Innovation is deeply rooted in our industry – driven by the attackers who are constantly evolving their techniques and the security industry working against them.
I’ve seen the innovation first hand. At RSA, we built a business on our foundation in authentication and encryption to become a leader in several of the most important information security technologies, including security analytics, identity, and Governance, Risk & Compliance. RSA Security grew from $25 million in 1995 to over $1 billion when I retired as Executive Chairman in 2015.
More recently, I’ve seen innovation through my role at Rally Ventures and as a board member of companies like Bugcrowd, Cylance, and AtHoc – each driving important change in the industry.
Today, I’m pleased to announce that I’m joining Phantom’s Advisory Board to help evolve our industry’s approach to another important challenge – perhaps the biggest we’ve ever faced in security.
We simply don’t have enough security professionals to cover all of the open positions that exist today. Estimates show a shortage of between 1 and 2 million qualified professionals. Worse, we’ve now been building point products for more than three decades and can count over 1,400 security vendors in the market today. As much as I worry about technology being eclipsed, I worry more about how we keep adding control after control without looking at the problem holistically. I talk to CSO’s and CISO’s all the time and their common refrain is, “I can’t absorb another product!”. Meanwhile, the hackers continue to innovate, and the time we need to address breaches continues to increase.
The only way to address this challenge is with true defense in depth. We need to eliminate the tired old categories of endpoint, network, identity management etc. and start looking at solving the problem in a way that helps us create defense in depth. How, by thinking about defense in terms of several discreet layers: preventing attacks before they’re launched; detecting attacks if we can’t prevent them; preventing intrusions when we spot the attack; detecting intrusions when we can’t prevent them and responding to intrusions to prevent loss or disruption if we have been breached. The key to the success of this approach will be automation. In the past, people dismissed it as a non-viable solution for fear of automating false positives and potentially disrupting a commercial application or a key element of the infrastructure. That view is quickly changing because we just don’t have the security professionals to cover all the companies and vulnerabilities that exist in our infrastructures.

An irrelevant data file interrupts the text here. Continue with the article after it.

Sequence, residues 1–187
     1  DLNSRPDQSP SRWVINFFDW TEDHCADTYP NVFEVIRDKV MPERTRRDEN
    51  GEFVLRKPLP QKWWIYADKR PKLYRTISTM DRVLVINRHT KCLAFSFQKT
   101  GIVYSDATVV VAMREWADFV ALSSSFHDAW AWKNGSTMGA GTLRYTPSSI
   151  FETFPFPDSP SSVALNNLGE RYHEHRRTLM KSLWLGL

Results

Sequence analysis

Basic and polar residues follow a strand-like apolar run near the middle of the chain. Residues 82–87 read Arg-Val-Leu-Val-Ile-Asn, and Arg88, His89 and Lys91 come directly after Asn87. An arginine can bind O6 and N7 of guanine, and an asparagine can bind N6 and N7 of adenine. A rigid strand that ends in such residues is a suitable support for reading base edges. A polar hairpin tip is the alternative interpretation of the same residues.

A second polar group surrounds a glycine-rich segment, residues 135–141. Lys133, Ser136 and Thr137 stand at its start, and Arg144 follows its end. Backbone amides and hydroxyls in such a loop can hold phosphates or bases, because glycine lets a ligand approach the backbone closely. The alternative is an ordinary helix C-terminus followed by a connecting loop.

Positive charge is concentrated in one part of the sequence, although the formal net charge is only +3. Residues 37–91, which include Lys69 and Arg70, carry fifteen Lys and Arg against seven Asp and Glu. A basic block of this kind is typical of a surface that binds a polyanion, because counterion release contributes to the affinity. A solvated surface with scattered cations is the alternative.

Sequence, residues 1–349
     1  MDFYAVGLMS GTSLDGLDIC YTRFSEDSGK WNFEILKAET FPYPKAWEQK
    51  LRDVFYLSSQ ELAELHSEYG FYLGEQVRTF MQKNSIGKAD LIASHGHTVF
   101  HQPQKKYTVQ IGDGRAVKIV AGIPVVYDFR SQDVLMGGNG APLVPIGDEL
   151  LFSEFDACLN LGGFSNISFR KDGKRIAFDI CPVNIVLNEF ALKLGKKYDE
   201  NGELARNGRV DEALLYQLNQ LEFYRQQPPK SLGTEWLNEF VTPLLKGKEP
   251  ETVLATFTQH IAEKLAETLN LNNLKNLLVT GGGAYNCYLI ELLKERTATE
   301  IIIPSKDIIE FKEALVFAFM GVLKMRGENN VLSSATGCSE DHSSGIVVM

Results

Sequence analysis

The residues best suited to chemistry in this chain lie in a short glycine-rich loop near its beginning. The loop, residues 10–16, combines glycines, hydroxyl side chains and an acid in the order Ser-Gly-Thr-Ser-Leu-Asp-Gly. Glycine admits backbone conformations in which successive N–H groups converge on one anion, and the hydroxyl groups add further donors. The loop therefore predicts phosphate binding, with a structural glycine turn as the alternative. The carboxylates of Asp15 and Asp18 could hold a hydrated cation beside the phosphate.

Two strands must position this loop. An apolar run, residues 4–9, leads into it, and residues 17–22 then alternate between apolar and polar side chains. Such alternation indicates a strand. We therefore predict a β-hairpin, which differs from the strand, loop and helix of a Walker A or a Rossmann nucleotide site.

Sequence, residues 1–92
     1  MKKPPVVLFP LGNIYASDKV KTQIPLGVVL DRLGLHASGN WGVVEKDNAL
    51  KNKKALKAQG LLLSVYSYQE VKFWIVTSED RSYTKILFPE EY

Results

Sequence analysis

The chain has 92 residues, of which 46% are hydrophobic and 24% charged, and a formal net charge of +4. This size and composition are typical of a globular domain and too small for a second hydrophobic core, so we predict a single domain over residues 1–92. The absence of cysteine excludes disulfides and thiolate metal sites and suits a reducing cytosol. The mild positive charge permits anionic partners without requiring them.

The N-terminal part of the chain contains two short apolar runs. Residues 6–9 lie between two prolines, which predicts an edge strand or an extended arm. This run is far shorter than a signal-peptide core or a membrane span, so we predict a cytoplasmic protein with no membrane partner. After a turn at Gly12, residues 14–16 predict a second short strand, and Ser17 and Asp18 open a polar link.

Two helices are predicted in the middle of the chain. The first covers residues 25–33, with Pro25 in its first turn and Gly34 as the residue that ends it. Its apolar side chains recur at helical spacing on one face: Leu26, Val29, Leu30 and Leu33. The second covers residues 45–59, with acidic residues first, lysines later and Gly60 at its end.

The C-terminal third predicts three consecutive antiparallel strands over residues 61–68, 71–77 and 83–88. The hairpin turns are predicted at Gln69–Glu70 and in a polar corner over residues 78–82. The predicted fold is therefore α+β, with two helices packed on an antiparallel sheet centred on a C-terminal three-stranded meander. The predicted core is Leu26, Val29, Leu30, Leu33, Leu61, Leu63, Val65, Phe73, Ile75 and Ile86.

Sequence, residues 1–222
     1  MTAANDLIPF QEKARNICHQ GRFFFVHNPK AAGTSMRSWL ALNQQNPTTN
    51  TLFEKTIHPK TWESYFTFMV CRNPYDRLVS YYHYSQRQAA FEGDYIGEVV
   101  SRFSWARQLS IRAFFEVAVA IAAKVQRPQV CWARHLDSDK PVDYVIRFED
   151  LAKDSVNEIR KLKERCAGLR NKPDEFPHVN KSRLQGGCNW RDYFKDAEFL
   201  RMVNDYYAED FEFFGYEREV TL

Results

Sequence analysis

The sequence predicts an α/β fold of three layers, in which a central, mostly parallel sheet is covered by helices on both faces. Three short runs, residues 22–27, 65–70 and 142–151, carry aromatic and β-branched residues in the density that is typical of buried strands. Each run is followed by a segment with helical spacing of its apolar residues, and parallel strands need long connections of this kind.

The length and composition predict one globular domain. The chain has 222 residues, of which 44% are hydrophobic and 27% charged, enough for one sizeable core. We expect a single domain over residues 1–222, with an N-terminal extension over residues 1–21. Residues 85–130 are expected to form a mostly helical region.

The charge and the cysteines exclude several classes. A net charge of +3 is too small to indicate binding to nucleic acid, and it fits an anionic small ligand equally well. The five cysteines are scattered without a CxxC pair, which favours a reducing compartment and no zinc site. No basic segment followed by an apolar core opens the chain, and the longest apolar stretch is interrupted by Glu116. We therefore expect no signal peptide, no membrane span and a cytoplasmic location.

Companies adopting automation are already seeing results. Tasks that routinely consumed hours or longer, can be completed in seconds with automation. Equally important is the improved accuracy and consistency in their processes as the same data is gathered for every security alert, and every alert is investigated the same way, every time.
The team at Phantom is leading the way in the emerging security automation and orchestration space. Their purpose-built platform is already helping organizations drive efficiency and consistency in the SOC, leveraging existing and newer innovative security investments. Two of my investing tenets, as I consider security startup business plans, are to look for companies that add value to customers’ existing security technology infrastructure and make their SOC’s more cost effective. Phantom delivers on both counts, technically and extends their capability, qualitatively, with their community-based approach. We are, indeed, stronger together. From the Playbooks needed to automate security to the Apps required to integrate technologies seamlessly to one another, the Phantom community is coming together to develop and share the tools needed to address this critical challenge (Join the Phantom Community).
I’m excited to work with the Phantom team. They’re not just solving the latest problem; I believe Phantom is helping to redefine security.